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Radio Free Internet, Part II: Grasping and Spreading the Word

by bpick

Part I was an introduction to the problem of the spoken word not being integrated into the text-based and social web, and explained why the spoken word is hard to search. Part II (in a series of three) is about how the spoken word loses much of its audience by being somewhat hard to consume and difficult to share.


While you’re driving or walking or doing any kind of work that doesn’t let you pay extended attention to a screen or page, it’s easier to listen than to read. But in a few ways, the spoken word is more difficult to consume than text.

1. Most people can read faster than others can comprehensibly speak.

2. Unlike audio, text can be consumed at your own pace – you can dwell on one word, follow a link or skim paragraphs looking for the topic of interest to you.*

3. Related: You can’t easily scan audio quickly for the part that interests you, and audio is typically delivered in big slabs, so you know the size of the meal but not the size of the next bite. That makes it easier to get distracted.

4. If you don’t recognize some of the words or names, you can easily copy-paste them to look them up. You don’t have to worry about mis-hearing something, though you do have to look out for the odd typo.

* There are even tricks in writing text to hold people’s attention, like bolding key words, using bullet points, and (one of the great methods) making the whole article a list, so that the reader consumes info in smaller bites and knows how many bites are left.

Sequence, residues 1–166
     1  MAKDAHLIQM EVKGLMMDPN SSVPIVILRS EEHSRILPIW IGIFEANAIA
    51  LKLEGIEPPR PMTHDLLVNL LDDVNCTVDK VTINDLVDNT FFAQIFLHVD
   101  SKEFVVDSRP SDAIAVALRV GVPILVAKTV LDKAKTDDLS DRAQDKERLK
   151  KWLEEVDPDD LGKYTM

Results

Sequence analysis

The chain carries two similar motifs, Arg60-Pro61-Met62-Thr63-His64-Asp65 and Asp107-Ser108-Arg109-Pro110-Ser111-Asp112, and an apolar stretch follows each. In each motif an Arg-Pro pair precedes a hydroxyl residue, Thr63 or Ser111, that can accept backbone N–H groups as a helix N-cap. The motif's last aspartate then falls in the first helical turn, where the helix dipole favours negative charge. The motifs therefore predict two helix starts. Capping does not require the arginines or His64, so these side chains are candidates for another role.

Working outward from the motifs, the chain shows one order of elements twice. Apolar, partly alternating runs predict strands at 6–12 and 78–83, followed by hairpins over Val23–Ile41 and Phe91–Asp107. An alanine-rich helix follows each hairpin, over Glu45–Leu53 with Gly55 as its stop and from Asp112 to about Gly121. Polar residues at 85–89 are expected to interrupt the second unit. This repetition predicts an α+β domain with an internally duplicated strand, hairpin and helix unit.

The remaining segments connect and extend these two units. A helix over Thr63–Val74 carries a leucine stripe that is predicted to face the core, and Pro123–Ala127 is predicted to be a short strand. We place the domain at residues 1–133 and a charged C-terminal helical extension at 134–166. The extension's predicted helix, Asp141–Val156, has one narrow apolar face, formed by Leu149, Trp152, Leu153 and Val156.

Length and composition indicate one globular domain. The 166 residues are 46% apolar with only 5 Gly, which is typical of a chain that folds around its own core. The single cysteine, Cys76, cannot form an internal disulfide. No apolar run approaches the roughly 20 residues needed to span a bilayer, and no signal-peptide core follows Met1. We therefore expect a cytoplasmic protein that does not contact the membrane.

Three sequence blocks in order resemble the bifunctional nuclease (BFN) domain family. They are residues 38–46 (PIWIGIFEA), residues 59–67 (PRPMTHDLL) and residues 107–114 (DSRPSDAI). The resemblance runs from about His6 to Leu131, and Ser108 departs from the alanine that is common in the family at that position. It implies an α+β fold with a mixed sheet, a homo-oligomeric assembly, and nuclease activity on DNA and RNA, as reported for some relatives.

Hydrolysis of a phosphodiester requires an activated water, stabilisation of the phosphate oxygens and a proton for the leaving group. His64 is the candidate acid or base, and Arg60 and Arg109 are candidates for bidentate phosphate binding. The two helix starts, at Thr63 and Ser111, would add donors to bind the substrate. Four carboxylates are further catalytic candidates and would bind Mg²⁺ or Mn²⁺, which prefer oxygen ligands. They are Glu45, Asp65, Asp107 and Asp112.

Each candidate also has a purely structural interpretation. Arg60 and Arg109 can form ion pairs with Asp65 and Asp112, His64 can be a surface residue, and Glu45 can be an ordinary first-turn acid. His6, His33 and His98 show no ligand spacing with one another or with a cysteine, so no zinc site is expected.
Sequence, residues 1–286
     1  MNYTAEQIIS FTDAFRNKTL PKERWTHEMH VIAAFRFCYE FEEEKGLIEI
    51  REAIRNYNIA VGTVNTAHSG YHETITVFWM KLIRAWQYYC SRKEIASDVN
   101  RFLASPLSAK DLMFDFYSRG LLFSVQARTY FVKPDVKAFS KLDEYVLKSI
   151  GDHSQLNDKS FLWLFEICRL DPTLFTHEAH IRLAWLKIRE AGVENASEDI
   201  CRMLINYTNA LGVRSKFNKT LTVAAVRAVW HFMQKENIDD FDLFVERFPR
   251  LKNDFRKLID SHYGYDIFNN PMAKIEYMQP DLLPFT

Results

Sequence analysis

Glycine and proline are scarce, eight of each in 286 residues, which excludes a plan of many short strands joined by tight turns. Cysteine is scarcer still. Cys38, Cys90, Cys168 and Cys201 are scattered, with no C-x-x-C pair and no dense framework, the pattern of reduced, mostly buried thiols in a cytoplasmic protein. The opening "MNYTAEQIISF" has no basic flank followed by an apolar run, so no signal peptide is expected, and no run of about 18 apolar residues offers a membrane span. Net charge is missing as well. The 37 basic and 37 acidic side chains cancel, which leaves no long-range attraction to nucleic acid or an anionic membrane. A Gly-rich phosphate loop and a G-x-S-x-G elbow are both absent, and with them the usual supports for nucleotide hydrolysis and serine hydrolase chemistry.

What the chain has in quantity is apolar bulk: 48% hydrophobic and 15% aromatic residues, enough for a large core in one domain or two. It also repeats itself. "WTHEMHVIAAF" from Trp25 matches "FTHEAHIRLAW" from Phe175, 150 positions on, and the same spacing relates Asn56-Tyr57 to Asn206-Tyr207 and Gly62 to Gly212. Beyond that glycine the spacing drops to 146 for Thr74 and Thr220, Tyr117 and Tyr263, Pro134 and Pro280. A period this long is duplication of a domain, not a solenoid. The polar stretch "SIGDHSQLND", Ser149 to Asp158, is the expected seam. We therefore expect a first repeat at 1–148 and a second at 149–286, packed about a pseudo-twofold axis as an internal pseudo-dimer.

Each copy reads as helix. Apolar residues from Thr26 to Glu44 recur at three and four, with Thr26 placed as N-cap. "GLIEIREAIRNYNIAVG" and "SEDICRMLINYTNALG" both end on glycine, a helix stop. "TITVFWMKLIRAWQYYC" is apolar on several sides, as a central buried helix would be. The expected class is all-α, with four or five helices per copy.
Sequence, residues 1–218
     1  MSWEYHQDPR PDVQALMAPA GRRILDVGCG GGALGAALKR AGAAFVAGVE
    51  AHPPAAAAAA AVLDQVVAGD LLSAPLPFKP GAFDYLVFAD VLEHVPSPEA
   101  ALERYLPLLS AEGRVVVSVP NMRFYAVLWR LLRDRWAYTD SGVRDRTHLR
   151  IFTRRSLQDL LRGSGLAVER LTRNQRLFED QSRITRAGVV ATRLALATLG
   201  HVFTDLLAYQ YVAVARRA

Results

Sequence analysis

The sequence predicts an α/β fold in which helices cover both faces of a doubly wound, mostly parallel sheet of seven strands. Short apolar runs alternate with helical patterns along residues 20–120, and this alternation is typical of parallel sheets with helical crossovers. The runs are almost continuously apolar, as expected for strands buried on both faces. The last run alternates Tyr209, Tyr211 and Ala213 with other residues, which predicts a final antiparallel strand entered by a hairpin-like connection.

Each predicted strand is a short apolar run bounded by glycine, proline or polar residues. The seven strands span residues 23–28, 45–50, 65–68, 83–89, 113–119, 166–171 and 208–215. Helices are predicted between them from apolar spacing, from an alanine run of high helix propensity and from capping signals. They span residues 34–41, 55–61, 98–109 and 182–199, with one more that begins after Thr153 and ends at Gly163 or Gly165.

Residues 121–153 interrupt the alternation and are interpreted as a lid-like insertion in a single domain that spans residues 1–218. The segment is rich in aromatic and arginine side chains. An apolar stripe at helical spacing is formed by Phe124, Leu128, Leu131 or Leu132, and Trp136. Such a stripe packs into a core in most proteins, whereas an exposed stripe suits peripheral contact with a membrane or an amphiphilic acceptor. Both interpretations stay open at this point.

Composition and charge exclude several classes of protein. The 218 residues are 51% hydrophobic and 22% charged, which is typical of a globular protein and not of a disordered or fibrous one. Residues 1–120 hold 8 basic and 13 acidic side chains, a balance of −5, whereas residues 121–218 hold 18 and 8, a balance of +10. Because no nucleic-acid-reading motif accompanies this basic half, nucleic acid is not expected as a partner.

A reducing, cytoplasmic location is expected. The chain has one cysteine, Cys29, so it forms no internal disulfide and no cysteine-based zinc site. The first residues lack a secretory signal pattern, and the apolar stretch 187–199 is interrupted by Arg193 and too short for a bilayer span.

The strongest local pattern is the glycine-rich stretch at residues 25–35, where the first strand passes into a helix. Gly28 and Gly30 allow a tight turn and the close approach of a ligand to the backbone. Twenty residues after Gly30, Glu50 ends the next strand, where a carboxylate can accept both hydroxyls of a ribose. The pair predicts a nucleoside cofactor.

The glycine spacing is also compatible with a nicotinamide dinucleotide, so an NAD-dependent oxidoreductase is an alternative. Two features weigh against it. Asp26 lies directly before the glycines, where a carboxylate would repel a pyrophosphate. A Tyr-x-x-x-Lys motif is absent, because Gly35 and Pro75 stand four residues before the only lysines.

Maybe you’re thinking that people share tons of audio files (even kids do so illegally), and that lots of people listen to podcasts every day – they’re shared via iTunes and RSS feeds and blogs.

But sharing the particular content of audio is very burdensome. Unless the transcript is thoroughly time-stamped, it can take time to find the audio of the words you want. Once you’ve gone to the trouble of finding the good audio, often you don’t have an easy way to link to just that one snippet. If you have to tell the audience at what time the good part starts, you’re requiring effort from them. Some video sites, like BloggingHeads and Hulu, will allow you to select a particular part of a video to share, and that’s a good first step.

People naturally tend to share what is easily digestible: text, graphics, or short-form video, in small bites. It’s better not to have to say, “Listen to the good part between 13:10 and 14:24,” especially in short messages like social networks and chat require. On Twitter, it’s relatively uncommon to see anyone linking to audio or even pointing out a single cool part of a longish spoken-word video.

These are huge barriers to making a lot of information useful for today’s web. Anything that’s difficult to search, link to, or process quickly is going to lose attention. The less effort demanded of the audience, the more likely it is to move.


Can you guess what features might be naturally useful, given the problems laid out in Parts I and II? We’ll apply the principles above to lay out how an enterprising company could profit from solving this problem in Part III.